Did you know that liking Facebook pages about Christianity or Mormonism could tell your bosses that you are a cooperative person?
According to a study released in 2013 published in the Proceedings of the National Academy of Sciences of the United States of America (PNSA), the work of Michael Kosinski, David Stillwell, and Thore Graepel revealed that the information you like on Facebook can tell people about your personality as an individual.
The purpose of the study was to test if information about an individual’s lifestyle or personality could be predicted through what they like on social media. Funded by Microsoft Research and the Boeing Corporation, researchers began collecting data of 58,000 volunteers. To begin, researchers looked at the public Facebook likes of all 58,000 volunteers to see what content they positively reacted to. They then analyzed each volunteer likes to see if they were able to identify their personality traits based on two sets of categories. One set of categories focused on the basic information: age, gender, relationship status, and the size of their friend group. The second category set focused on the harder to identify and more personal information: Sexual orientation, ethnicity, political views, personality type, religious beliefs, substance use, whether the volunteer’s parents had remained married until they turned twenty-one, and their satisfaction with life.
Researchers then analyzed what topics and likes those with similar personality traits may have in common and how those things could be used to identify a person’s personality simply by knowing their interests. The authors state in the introduction of their study that, “People may choose not to reveal certain pieces of information about their lives, such as their sexual orientation or age, and yet this information might be predicted in a statistical sense from other aspects of their lives that they do reveal” (Private Traits and Attributes…, Graepel, Kosinski, and Stillwell). Their findings showed not only that the content could identify certain characteristics of an individual, but that people with certain traits often liked the same pages and/or topics.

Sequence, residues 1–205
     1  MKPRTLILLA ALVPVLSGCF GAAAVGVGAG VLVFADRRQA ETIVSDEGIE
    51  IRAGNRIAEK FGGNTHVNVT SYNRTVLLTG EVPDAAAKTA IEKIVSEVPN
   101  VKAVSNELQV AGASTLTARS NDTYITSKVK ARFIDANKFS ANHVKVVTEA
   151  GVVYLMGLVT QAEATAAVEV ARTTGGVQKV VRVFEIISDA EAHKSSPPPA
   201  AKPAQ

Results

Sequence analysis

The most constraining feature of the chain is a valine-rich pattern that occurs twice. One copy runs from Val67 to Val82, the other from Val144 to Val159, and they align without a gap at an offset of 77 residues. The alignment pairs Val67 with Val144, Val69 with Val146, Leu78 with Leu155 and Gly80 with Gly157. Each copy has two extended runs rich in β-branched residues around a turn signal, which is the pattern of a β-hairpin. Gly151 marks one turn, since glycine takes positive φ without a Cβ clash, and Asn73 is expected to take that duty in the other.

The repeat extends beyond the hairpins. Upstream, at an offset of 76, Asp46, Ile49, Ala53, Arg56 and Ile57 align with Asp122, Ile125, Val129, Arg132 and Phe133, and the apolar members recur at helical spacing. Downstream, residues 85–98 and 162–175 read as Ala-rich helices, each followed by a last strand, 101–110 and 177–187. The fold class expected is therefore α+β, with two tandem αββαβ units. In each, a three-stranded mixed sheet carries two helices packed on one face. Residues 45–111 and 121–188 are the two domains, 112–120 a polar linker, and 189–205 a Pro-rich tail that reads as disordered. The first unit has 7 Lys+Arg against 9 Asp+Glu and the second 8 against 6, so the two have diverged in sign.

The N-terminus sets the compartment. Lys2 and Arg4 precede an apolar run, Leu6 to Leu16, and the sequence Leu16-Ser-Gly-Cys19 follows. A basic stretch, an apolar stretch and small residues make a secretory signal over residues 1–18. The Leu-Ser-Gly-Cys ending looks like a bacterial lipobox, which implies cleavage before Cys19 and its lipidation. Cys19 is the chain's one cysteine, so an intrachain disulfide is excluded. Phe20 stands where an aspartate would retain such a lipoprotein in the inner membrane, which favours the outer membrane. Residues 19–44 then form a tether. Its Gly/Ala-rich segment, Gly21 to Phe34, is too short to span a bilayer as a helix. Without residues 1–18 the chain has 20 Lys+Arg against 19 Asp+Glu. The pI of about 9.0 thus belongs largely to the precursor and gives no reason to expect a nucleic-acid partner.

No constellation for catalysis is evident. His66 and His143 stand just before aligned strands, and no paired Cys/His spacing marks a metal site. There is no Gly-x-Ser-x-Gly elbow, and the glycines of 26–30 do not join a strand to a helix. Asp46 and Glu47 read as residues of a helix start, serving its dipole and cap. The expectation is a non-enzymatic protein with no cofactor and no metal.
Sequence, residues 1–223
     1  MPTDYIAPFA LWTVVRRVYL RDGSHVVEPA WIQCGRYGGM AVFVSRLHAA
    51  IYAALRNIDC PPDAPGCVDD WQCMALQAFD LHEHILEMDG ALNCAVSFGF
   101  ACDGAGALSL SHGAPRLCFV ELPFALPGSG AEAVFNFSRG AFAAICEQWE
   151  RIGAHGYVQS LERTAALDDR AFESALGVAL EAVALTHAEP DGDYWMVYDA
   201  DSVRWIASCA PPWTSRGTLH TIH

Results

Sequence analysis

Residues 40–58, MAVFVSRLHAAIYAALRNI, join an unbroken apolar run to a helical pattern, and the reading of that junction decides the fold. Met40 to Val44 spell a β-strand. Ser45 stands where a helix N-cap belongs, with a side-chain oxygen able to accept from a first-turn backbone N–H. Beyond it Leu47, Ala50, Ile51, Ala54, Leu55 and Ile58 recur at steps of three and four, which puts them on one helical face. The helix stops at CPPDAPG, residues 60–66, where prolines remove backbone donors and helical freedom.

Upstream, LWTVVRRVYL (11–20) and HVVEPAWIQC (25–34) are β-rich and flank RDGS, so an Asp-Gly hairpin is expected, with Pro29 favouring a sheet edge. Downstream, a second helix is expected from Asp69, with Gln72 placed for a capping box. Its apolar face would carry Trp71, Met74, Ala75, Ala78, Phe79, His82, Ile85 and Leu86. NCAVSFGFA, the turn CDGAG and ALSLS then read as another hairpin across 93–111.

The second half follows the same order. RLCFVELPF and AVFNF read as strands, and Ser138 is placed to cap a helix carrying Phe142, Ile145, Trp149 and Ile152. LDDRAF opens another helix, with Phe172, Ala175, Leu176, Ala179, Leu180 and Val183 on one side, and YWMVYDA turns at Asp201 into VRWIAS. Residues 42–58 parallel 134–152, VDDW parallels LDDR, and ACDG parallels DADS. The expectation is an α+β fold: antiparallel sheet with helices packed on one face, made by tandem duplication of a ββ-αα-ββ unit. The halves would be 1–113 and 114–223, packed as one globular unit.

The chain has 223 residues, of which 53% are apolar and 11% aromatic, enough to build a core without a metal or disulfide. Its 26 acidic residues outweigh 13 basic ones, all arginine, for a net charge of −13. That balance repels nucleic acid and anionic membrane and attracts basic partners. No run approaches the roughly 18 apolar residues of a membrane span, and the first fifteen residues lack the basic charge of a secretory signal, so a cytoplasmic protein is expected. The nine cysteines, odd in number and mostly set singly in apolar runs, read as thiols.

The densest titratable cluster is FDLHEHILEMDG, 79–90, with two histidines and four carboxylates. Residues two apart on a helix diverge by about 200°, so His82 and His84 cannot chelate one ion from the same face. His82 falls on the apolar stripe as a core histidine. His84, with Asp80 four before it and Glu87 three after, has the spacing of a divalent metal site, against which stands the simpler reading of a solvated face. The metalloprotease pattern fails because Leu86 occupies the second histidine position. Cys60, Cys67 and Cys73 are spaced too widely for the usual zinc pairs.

Isolating a total of sixty-eight likes from each individual, the researchers then created a formula which allowed them to identify how many people shared the same interests and what those interests said about their personality types. The easiest to identify were religious, political, and sexual preferences among the volunteers. However, the researchers were also able to identify a percentage between 65-73% who were identified to be in relationships or were substance users. Their lowest percentage–60%–came from attempting to identify if volunteer’s parents had separated or remained married prior to them turning 21-years-old
At the end of their published study, the authors took the time to identify the pros and cons of their research. Companies, who can gain public access to the similarities between Facebook users who like their page, can begin specific advertising to those individuals. One proof their study is the potential for marketing. For example, if Dove Soap happened to notice that a majority of those who liked or visited their page really enjoyed the band Tegan and Sara, they would then reach out to that band to be a sponsor. Fans of the band would then notice that they were sponsoring Dove Soap and then want to buy Dove Soap because they see someone they enjoy promoting the product. The negatives of their research are more serious. Companies, potential employers, current jobs, and governmental agencies could use public information to access personal information or form opinions about individuals without their knowledge. This could lead to loss of jobs, not being considered qualified for a job, or could even result in government surveillance depending on the content.
The ease of accessing content personalized to an individual is a modern-day pleasure. The whole world and everything in it is only a few clicks away. But even with all the perks of social media, it’s downfalls could potentially lead to the invasion of privacy from government agencies, bosses, or even nosy relatives